Bollinger’s 2007 R.D. is superb, but it is also a wine that reflects the nature of a unique and challenging growing season. In most vintages the R.D. is marked by the distinct creaminess and breadth of Aÿ Pinot Noir. Two thousand seven, though, was a difficult year marked by very dry weather, rain at the end of the growing season and an early harvest in August, something that was not as common as it has become. Selection was essential. For the 2007, the blend is composed of just 14 villages compared to the more typical 18-25. Verzenay is the main Pinot component while Cramant plays the leading role in the Chardonnays. For these reasons, the 2007 is an R.D. driven by more focus, energy and tension than readers are used to seeing. Lemon confit, dried flowers, sage, mint, crushed rocks, almond and ginger are some of the aromas and flavors that give the 2007 its complex, multi-faceted personality. The 2007 can be enjoyed now, but I would prefer to cellar it for a few years. It will age effortlessly for decades as it moves through the various phases of its life. I was reminded of the way Champagne can magically traverse time by magical bottles of the 1976 R.D. and 1996 Vieilles Vignes Françaises I tasted recently. The blend is 70% Pinot Noir and 30% Chardonnay, 91% Grand Cru fruit and the rest Premier Cru. Bollinger fans will notice the return of the original label, with the disgorgement date clearly visible, a tribute to Madame Bollinger, who was a pioneer in so many ways. Disgorged: July 10, 2020. Dosage is 3 grams per liter. Drink 2022-2047.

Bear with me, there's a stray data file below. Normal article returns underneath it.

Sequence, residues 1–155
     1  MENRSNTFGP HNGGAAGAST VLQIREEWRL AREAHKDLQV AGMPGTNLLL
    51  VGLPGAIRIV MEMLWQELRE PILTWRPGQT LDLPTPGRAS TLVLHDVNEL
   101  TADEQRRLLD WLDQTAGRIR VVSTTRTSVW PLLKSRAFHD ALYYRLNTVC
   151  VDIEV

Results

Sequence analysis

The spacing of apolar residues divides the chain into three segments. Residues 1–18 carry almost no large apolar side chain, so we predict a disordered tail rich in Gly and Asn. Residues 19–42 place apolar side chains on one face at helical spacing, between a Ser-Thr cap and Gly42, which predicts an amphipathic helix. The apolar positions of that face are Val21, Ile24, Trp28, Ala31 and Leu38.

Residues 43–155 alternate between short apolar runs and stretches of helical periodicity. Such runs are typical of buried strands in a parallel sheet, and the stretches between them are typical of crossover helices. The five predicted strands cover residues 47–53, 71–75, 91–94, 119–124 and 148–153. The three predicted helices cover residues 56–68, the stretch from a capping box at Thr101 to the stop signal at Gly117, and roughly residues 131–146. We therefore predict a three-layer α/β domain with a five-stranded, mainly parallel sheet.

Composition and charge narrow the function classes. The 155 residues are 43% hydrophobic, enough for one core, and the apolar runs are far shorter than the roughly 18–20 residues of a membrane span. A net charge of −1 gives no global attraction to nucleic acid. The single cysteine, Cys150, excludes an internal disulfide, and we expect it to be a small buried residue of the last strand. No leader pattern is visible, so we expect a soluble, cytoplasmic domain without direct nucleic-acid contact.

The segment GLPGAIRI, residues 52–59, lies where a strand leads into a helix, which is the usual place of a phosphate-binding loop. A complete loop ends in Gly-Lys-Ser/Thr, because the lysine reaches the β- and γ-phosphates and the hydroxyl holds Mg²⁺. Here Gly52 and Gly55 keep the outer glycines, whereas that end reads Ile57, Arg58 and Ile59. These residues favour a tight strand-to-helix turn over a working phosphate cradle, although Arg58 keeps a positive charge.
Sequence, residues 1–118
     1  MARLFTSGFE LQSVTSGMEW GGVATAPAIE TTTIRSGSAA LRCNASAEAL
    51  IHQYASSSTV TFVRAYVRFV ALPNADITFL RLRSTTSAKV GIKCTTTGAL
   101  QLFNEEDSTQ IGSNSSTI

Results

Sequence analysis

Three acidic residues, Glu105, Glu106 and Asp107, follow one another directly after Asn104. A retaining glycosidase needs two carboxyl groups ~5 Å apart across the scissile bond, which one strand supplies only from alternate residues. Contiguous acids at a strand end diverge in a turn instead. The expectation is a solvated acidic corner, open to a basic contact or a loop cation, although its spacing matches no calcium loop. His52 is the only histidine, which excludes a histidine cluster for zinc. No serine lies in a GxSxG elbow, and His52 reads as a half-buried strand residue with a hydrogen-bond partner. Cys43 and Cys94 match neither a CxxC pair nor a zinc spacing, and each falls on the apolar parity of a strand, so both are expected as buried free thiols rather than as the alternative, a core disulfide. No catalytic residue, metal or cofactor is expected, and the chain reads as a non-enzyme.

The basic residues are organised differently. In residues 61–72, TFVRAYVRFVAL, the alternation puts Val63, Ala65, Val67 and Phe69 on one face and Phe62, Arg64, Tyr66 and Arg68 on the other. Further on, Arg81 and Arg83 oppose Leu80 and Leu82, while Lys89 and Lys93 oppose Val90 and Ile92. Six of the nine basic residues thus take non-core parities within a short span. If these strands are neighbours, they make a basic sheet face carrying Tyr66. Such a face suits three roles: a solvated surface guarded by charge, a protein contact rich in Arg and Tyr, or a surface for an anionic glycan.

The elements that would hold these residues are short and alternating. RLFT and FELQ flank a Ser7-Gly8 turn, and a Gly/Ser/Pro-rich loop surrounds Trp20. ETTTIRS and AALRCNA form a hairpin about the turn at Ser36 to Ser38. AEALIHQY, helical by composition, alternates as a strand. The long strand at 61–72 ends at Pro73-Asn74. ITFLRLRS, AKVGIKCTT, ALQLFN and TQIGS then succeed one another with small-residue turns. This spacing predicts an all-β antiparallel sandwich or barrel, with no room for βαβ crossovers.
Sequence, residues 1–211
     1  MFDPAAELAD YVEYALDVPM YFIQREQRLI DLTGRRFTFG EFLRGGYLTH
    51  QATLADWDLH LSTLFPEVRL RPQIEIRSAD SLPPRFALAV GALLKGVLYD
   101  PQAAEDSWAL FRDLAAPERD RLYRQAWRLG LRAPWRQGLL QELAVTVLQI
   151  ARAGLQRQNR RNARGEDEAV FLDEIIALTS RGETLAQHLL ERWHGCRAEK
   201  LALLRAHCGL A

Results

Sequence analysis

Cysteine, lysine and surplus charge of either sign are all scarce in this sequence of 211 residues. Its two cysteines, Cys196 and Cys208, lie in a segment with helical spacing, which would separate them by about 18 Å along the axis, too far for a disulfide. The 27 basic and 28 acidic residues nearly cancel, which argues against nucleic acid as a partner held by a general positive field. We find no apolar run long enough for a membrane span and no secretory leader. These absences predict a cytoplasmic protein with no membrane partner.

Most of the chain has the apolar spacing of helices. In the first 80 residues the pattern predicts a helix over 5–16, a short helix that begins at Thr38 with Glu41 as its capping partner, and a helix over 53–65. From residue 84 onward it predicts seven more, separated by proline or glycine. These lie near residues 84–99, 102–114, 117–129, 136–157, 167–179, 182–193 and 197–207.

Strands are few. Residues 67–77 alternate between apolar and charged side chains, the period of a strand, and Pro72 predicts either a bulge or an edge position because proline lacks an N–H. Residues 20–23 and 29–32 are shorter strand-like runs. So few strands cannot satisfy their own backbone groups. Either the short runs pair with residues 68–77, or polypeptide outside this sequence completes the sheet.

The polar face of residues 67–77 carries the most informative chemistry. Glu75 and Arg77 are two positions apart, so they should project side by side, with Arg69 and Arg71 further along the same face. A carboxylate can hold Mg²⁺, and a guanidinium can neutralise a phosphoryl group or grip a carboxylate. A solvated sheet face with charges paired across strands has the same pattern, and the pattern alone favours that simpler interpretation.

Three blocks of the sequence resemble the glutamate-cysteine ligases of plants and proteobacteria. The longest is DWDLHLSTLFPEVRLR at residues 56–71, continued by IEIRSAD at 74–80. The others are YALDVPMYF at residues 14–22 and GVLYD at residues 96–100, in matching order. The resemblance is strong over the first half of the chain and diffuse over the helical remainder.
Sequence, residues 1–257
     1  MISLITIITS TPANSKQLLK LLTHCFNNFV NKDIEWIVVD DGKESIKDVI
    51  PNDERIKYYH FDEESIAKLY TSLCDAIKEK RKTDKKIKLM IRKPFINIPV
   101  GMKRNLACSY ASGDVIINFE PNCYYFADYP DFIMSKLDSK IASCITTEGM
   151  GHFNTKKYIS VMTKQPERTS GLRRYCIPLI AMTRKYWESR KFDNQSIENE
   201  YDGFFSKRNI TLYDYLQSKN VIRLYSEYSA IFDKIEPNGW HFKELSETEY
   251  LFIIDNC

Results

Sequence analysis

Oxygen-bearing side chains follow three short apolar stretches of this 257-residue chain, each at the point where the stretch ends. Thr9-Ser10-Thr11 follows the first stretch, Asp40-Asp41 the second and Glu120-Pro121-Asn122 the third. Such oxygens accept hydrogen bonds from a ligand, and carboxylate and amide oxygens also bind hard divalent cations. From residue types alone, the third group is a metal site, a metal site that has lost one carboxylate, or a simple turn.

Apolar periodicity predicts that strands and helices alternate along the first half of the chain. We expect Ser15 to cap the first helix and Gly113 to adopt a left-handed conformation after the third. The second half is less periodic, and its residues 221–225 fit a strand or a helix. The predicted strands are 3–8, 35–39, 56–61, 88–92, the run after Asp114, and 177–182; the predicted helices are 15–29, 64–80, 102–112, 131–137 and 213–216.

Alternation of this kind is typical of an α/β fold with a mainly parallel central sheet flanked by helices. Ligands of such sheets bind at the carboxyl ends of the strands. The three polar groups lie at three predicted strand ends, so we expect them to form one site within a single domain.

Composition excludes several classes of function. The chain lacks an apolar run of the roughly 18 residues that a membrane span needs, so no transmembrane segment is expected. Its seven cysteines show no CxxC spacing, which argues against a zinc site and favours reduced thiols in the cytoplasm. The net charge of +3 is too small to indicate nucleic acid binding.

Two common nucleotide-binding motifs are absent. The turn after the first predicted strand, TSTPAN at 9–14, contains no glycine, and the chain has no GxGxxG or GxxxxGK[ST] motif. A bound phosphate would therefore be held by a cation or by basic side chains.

Matthew Jukes, March 2021,